“Sorry, sorry,” she muttered. It wasn’t until she began to replace everything that she realized there was a small, cream-colored envelope tucked inside.
It can’t be, she thought. There was no way…her mother hadn’t done this for her in years. Her heart gave a joyful little bump against her ribs, flooding with the old, familiar starlight as she tore the envelope open and shook its contents out. There were two sheets of paper—one was a rambling letter that, to the casual eye, was filled with chatter about the weather, the museum, the apartment. But there was a second, smaller piece of paper included, this one with the shape of a heart cut out from its center. When laid over the first, the message changed; the heart gathered the rambling, nonsensical words into a simple phrase: I love you and I am so proud of who you are and what you’ll do.
She used to leave Etta notes like this every time she had to travel for work, when Etta had gone to stay with Alice—little reminders of love, tucked inside her overnight bag or in her violin case. But the longer she looked at it, Etta began to feel herself drift away from that initial burst of happiness. Her mom wasn’t exactly a sentimental person when it came down to it; she wasn’t sure what to make of this, especially on top of the earrings. Trying to thaw their relationship after freezing it over in the first place?
Etta checked her phone. A half hour until the concert.
No texts. No missed calls.
No surprise there.
But also…still no Alice.
She stood up, setting her purse down on the chair and slipping out of the room to check on her. Her instructor had seemed almost confused earlier, or at least startled. It was entirely possible someone had trapped her in conversation, or she was having a hard time getting ahold of whoever she was trying to call, but Etta couldn’t turn off the panic valve, the prickle of something like dread walking down the back of her neck.
The auditorium was empty, save for the ushers being briefed on the evening by an event coordinator. Etta hustled up the aisle as fast as she could in her heels, catching the last few notes from the violinist onstage. She’d be up soon.
But Alice wasn’t out in the hall, cell phone pressed to her ear. Neither, for that matter, was her mom. They weren’t loitering in the museum’s entrance, the Great Hall, either—and when she checked the steps, all she found were pigeons, puddles, and tourists. Which left one possibility.
Etta turned back toward the steps up to the European paintings collection and slammed into someone, nearly sending them both tumbling to the ground.
“Ah—I’m sorry!” Etta gasped as he steadied her.
“What’s the rush? Are you—” The man stared down at her through silver-rimmed glasses, lips parted in surprise. He was older, edging into middle age, or already there judging by the streaks of gray in his otherwise jet-black hair. Etta took one look at him and knew she’d nearly mowed down one of the Met’s donors. Everything about him was well-groomed; his tuxedo was immaculate, a dark red rose tucked into the lapel.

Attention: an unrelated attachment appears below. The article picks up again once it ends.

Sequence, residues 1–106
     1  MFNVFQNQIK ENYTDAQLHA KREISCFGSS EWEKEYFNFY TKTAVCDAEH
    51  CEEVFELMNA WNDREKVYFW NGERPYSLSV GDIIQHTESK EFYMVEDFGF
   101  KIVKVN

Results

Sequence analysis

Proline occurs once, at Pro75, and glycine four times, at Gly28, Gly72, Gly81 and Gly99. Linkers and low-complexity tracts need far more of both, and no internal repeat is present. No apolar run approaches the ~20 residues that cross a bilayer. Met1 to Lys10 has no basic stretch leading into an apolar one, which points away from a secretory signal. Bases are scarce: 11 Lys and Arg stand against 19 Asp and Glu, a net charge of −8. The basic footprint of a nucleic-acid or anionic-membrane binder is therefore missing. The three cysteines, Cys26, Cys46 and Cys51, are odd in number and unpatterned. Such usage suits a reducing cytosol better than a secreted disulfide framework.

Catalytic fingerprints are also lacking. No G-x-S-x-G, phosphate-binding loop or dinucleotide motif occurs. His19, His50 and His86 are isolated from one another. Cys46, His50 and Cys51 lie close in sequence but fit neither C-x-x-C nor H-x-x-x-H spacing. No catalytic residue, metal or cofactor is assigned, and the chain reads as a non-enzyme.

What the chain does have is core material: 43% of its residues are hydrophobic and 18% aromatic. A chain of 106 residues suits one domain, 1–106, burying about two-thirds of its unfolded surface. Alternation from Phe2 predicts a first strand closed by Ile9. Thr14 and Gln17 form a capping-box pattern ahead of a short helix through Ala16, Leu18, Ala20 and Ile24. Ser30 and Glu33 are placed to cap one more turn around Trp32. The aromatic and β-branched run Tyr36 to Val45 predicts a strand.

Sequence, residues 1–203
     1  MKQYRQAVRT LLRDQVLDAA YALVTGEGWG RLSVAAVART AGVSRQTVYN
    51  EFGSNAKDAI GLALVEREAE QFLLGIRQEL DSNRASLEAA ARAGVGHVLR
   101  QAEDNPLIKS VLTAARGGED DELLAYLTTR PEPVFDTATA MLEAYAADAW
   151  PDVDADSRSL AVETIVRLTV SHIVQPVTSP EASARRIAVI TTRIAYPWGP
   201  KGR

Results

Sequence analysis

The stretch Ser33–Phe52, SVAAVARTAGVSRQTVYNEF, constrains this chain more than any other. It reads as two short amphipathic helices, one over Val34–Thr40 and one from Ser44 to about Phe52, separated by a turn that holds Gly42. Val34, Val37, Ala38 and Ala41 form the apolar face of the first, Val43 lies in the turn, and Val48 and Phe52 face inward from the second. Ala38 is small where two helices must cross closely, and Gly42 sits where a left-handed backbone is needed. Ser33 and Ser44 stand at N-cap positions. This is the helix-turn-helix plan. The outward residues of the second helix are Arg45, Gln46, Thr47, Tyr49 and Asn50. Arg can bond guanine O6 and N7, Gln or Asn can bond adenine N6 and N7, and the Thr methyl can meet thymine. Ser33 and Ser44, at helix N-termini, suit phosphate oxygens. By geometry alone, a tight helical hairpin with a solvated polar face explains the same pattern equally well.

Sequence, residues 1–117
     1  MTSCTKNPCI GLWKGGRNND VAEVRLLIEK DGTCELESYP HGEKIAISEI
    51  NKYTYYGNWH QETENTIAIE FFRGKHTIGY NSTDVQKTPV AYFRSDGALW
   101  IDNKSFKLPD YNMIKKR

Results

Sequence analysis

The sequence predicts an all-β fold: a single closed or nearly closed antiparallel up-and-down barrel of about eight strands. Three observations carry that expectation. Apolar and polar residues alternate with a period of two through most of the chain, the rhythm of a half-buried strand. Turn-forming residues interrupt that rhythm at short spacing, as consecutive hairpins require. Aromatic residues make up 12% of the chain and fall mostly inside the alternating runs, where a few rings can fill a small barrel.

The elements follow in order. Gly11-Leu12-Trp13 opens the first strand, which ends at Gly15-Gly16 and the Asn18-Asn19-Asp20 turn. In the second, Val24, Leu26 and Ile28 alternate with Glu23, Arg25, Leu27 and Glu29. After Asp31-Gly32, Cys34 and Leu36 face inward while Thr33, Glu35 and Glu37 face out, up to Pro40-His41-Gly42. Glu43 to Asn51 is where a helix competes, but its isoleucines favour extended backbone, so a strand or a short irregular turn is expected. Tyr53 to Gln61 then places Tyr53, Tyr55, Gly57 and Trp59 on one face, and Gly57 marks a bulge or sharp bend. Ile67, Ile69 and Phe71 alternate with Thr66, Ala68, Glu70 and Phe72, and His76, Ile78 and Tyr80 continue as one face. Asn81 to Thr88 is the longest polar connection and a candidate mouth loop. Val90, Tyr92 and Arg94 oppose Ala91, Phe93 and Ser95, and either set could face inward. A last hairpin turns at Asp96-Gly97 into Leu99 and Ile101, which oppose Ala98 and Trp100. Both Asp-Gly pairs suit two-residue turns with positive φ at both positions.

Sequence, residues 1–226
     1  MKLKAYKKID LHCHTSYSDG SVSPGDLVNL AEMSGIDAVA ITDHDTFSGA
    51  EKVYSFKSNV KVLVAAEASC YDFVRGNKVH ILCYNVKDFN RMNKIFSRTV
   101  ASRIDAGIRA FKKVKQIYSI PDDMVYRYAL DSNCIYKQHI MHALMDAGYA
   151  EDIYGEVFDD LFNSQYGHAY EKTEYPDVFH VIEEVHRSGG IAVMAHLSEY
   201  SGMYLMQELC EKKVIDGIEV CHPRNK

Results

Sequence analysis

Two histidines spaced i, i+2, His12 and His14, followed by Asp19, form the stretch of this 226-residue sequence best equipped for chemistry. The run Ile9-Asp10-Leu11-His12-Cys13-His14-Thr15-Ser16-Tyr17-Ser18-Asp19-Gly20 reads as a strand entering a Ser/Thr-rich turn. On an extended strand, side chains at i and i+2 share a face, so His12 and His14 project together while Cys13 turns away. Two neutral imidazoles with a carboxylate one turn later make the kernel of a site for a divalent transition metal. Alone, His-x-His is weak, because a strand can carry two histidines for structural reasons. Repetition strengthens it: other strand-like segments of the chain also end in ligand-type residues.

“I wasn’t looking where I was going,” she said. “I’m sorry, I’m so sorry—”
He only stared at her.
“Anyway,” she rambled, backing up to continue her search, “I hope you’re okay, I’m so sorry again.…”
“Wait!” he called after her. “What’s your name?”
Etta jogged up the steps, her heels clacking loudly against the marble. She made her way through the exhibits, waving at the security guards and curators, to the elevator that would take her to the conservation wing. Her mom might have needed to stop by her office, or maybe she had taken Alice up for privacy.
The wing was all but abandoned, save for a security guard, George, who nodded in recognition as she passed by and continued down the hall.
“Your mom’s in her office,” George told her. “Came up a few minutes ago with a lady blazing at her heels.”
“Thanks,” Etta said quickly, ducking around him.
“Don’t you have that concert tonight?” he called. “Good luck!”
Concert, practice, warm-up—
“—haven’t listened to me in years!”
She almost didn’t recognize Alice’s voice in its anger; it was so rare for the woman to raise it. It was muffled by the closed door, but still powerful enough to rage down the hall and reach her ears.
“You don’t get to make this call, Alice,” her mom continued, sounding far calmer. Etta’s knees felt like water as she stood outside the office door, pressing her ear against it. “I’m her mother, and contrary to your opinion, I do know what’s best for my child. It’s her time—you know this. You can’t just pluck her off this path, not without consequences!”
“Damn the consequences! And damn you too, for thinking of them and not of her. She’s not ready for this. She doesn’t have the right training, and there’s no guarantee it’ll go the right way for her!”
Not ready for this. Alice’s words ripped through her mind. Not ready for what? The debut?
“I love you to death, you know this,” Rose continued. “You’ve done more for the two of us than I could ever express or thank you for, but stop fighting me. You don’t understand, and you clearly don’t know Etta if you’re underestimating her. She can handle it.”
Between the hummingbird pulse of her heart and the numb shock spreading through her veins, Etta had to replay the words again and again before she could understand that her mom was actually fighting for her—that it was Alice who was trying to hold her back.